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Review of In-Hospital and Out-of-Hospital Cardiac Arrests at a Tertiary Community Hospital for Potential ECPR Rescue

Amanda Broderick1, Jordan Williams1, Alexandra Maryashina1, & James Wu, MD1

1 Department of Surgery, Division of Cardiothoracic Surgery


This was a retrospective study on in and out-of-hospital cardiac arrest (IHCA and OHCA) patients at a tertiary community hospital. The aim of the study was to compare characteristics and outcomes of IHCA versus OHCA and evaluate those patients who might have been good candidates for more aggressive resuscitation like extracorporeal membrane oxygenation cardiopulmonary resuscitation (ECPR). The data suggests a strong correlation between an increased duration of cardiopulmonary resuscitation (CPR) and a decreased survival rate for both IHCA and OHCA. Overall survival to discharge rate for ICHA was found to be 30%, above the national average of 17%, and was 6.8% for OHCA, within the national average of around 5-10% (Peberdy et al. 2003; Abrams et al. 2013). Using specific inclusion and exclusion criteria suggested by recent research, 44 IHCA patients over 2 years and 133 OHCA patients over 4.5 years would have been potential candidates for ECPR. Though this study included only patients from a single institution, it highlights the possibility of improving patient outcomes by implementing a more aggressive resuscitation protocol for refractory cardiac arrest. It warrants further research into resuscitation protocols, specifically the addition of ECPR into the protocols at the Lehigh Valley Health Network for a specific cohort of patients.


Cardiac arrest remains a major cause of death in United States despite changes in resuscitation protocols.1 Both in-hospital and out-of-hospital cardiac arrests still have very poor survival to discharge prognoses without any significant changes in recent years. In-hospital cardiac arrest (IHCA) survival rates are about 17% nationally while those for out-of-hospital cardiac arrest (OHCA) are even lower at 5-10% (Peberdy et al. 2003; Abrams et al. 2013). Previous studies have suggested significant differences in survival to discharge rates for those suffering witnessed versus unwitnessed arrests, for different initial cardiac rhythms (Ventricular tachycardia or ventricular fibrillation versus pulseless electrical activity (PEA) versus asystole), and for cardiopulmonary resuscitation (CPR) duration (Avalli et al. 2012). Within these categories there are additionally differences for those suffering IHCA versus OHCA (Peberdy et al. 2003).

The current standard strategy for intervention of IHCA and OHCA is the advanced cardiac life support (ACLS) protocol. ACLS protocol includes performance of adequate chest compressions, airway management, defibrillation when appropriate, and administration of applicable drugs. The progression of cardiopulmonary resuscitation (CPR) for these arrests can vary greatly between patients. Many factors including initial cardiac rhythm, duration of CPR, quality of CPR, and cause of the arrest account for these differences and the end prognosis for the patient (Haneya et al. 2012).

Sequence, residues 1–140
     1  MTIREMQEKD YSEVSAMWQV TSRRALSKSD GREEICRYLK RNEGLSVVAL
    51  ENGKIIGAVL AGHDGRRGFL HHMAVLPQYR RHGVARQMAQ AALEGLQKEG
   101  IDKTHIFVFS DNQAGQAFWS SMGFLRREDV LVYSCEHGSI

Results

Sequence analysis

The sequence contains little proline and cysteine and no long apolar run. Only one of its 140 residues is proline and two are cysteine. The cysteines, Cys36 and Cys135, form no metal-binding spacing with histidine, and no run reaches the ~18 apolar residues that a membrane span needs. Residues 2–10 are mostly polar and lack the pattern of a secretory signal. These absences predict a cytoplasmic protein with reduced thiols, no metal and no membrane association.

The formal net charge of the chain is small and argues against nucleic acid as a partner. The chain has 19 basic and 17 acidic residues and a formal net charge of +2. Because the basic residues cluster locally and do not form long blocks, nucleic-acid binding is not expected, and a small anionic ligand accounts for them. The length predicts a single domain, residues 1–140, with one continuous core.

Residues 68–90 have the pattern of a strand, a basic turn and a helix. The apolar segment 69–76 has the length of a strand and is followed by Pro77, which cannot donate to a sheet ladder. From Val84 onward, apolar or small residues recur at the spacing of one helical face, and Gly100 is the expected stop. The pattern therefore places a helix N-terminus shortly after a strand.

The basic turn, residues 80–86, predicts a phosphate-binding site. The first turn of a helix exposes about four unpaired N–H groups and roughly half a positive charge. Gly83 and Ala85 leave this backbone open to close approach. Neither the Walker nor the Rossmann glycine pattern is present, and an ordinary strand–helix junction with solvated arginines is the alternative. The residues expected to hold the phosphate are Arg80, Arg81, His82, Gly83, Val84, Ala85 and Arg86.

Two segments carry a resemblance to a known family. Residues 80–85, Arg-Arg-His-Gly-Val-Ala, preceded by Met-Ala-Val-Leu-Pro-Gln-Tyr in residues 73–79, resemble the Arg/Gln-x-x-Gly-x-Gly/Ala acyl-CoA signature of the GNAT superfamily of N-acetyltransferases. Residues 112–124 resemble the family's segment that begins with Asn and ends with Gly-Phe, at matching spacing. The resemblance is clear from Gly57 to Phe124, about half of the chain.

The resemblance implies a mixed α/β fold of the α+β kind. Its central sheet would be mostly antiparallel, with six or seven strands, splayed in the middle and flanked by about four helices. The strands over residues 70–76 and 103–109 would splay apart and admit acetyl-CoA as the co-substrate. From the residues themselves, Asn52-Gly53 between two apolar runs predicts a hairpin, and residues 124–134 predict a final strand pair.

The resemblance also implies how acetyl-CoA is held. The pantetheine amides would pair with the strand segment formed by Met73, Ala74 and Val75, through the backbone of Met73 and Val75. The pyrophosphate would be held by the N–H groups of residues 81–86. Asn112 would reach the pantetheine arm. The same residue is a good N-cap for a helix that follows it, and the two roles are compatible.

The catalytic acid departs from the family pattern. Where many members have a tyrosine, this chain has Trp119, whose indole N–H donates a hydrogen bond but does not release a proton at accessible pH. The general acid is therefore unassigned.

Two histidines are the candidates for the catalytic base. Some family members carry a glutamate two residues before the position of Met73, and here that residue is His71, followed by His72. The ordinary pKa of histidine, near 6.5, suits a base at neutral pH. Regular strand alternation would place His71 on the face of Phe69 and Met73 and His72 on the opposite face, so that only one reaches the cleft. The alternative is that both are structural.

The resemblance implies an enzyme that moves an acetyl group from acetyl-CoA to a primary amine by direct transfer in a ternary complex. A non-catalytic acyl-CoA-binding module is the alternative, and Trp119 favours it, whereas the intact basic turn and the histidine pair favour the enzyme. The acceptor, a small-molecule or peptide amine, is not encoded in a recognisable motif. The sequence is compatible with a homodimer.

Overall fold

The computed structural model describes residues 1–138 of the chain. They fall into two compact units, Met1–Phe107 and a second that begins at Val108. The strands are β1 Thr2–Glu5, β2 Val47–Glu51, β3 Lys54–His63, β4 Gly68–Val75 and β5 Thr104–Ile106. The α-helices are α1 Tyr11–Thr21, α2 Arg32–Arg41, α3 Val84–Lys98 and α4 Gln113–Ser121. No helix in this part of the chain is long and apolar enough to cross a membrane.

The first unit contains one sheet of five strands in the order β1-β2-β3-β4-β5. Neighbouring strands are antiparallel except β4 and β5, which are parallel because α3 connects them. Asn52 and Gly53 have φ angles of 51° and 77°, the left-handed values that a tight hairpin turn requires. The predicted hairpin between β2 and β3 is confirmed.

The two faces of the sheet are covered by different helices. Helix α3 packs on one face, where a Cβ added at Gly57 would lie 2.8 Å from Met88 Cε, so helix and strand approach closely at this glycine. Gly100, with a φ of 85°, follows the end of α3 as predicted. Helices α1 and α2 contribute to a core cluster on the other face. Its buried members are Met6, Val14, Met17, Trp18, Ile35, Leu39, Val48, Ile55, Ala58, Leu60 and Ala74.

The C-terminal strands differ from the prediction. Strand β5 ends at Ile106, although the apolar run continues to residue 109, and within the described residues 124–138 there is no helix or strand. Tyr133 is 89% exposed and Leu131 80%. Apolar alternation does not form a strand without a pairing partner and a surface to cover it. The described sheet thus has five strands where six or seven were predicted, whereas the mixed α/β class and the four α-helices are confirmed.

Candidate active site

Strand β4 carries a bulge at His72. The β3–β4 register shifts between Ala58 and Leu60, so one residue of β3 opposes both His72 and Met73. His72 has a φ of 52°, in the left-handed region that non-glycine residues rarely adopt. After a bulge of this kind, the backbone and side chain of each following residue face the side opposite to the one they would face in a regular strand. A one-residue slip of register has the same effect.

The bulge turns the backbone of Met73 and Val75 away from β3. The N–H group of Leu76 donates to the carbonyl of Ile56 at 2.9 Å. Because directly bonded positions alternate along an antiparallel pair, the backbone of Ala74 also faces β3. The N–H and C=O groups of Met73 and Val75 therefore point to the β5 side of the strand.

A more aggressive interventional strategy that is also currently available is extracorporeal membrane oxygenation cardiopulmonary resuscitation (ECPR), sometimes referred to as extracorporeal life support. ECPR is a technique and set of protocols to provide externally circulated blood to support cardiac and pulmonary function. The blood is drained from the patient and oxygenated outside of the body before it is returned to circulation. This temporarily allows for adequate bodily perfusion in patients whose hearts will not pump properly. ECMO is a transitory solution that offers valuable time for the pathologies behind the cardiac arrest to be evaluated and treated (Avalli et al. 2012; Haneya et al. 2012; Fagnoul et al. 2014). It is very resource intensive and invasive, so it is best used for patients in refractory cardiac arrest for which conventional CPR is futile. Survival rate for these patients would otherwise be about 0%. Recent studies have shown ECPR to improve survival rates of those with refractory cardiac arrest for both IHCA and OHCA up to 40-46% and 5-15% respectively (Avalli et al. 2012; Haneya et al. 2012; Fagnoul et al. 2014).


This was a retrospective study involving 169 patients between in 2011 and 2012 with IHCA and 425 patients in January 2011-May 2015 coming to the Emergency Department with OHCA.

Data was examined for each patient from their medical charts, electronic medical records, and resuscitation records. The overall exclusion criterion was an age greater than 70 or less than 18 or an existing Do Not Resuscitate (DNR). All patients admitted to the hospital at the time of their first arrest were classified as IHCA while those with an arrest taking place prior to admittance were classified as OHCA.

A database was made to compile to condense relevant information for the patients. The information looked at for this study included: demographics, medical history, if the arrest was witnessed, initial cardiac rhythm, duration of CPR, time from arrest to hospital (if OHCA), if there was a return of circulation (>20minutes), and if the patient survived to discharger following the arrest. For OHCA this information included:

When evaluating patients who may have benefited from ECPR, the inclusion criteria were: Patients with witnessed and non-traumatic arrests, CPR initiated within 5 minutes, no terminal malignancies, time from arrest to hospital less than 60 minutes or arrest in hospital. Exclusion criteria were survival or sustained ROSC from conventional CPR.

Fischer’s Exact tests and t-tests were used to evaluate significance and p-values.